Packaging EPSON’s scanners’ drivers

You might remember that a couple of years ago, I bought an EPSON scanner – a GT-S50, no longer sold, replaced by the GT-S55 – to scan invoices and other kind of documents that I had laying around. The investment paid off, in my eyes, because now I have all my documents digitized, always available, and I was able to fill quite a few bags of shredded paper. The amount of work involved in digitizing that many documents without a professional scanner would have costed me in time much more than the device costed me in money.

But as I noted in the blog post above, to get the scanner to work on Gentoo Linux, I had to create ebuilds for a new package with the proprietary plugin that can handle the scanner — it’s not a sane plugin per-se, it’s rather a plugin for the EPSON-provided epkowa backend, which is otherwise opensource. I actually ended up adding two packages to the tree to be able to do that.

Nowadays, the media-gfx category hosts a number of plugins for epkowa, under iscan-plugin and esci-interpreter prefixes — the latter is the case for the GT-S50; as far as I can tell, the main difference between the two is that the latter ships with no firmware, but just a protocol interpreter, as the name suggests. Together with this, I maintain another ebuild for the plugin (32-bit only) and firmware (32- and 64-bit) for my older Perfection 2580 scanner, plus two more packages that I proxy for users who can actually test on good hardware. Today I even added another package for a scanner I don’t own, but I plan to buy when I settle down in my new residency (the 2580 stays here with my mother), the Perfection V370 which is the first one in our tree that actually uses “perfection” in the RPM name.

The ebuilds are almost identical to one another, but there are quite a few tricky bits around them. First of all, we don’t install in exactly the same locations as the RPMs — the reason for this is that they use /usr as base path for everything, but in our case, since these are provided by an external source, and are pre-built, they are installed in /opt instead, with the exception of the firmware, that stays in /usr/share simply because that’s where some of the software looks for it (namely, snapscan backend for SANE).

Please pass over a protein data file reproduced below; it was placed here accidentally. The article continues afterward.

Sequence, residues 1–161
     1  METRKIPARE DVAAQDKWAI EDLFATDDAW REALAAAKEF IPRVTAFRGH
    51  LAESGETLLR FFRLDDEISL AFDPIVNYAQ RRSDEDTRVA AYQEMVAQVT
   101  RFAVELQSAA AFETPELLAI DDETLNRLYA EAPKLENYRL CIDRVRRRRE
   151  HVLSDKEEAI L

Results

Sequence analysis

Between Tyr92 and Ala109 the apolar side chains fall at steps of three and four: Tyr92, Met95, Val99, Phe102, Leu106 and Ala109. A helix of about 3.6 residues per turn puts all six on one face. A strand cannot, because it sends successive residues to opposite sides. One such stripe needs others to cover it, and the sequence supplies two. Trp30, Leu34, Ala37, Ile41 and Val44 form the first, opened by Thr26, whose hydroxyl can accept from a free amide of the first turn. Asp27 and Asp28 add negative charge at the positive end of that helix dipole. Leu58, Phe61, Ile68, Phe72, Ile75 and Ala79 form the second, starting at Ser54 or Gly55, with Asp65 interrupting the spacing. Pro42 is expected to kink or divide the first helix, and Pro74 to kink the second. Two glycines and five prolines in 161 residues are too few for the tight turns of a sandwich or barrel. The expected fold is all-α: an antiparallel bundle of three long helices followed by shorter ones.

Some of the plugins are valid for multiple USB IDs, as is the case for the GT-S50/55/80/85 interpreter, while others are only valid for a particular ID – which may refer to multiple models anyway, as sometimes it refers to the main controller on the device, which may be shared — in the case of the 2580 noted above, it shares the same flatbed with the 2480; the difference between the two models is all in the lid, in both it hosts the lamp for scanning film, but in the 2580 it also includes the motor to load the film semi-automatically.

You can easily see which IDs the plugin applies to by using strings on the rpm and look for iscan-registry — but at this point question should be: where do you get the RPM? Well, unfortunately AVASYS no longer provides the download at a known location; EPSON themselves are distributing it, through Akamai — which means that we can’t point to the upstream servers anymore, and euscan won’t be able to find a new version being released. To solve this situation, the solution we opted for is to mirror the rpm files on my webspace on dev.gentoo.org including the needed documentation. It’s not very flexible, of course, but at least it works and it does not require us to fetch-restrict anything.

It’s hard for me to tell how many more plugins for iscan are out there, but if your scanner is among them, feel free to send an ebuild for it on our Bugzilla and CC me — you can base yourself off media-gfx/iscan-plugin-perfection-v370 which is the latest I committed.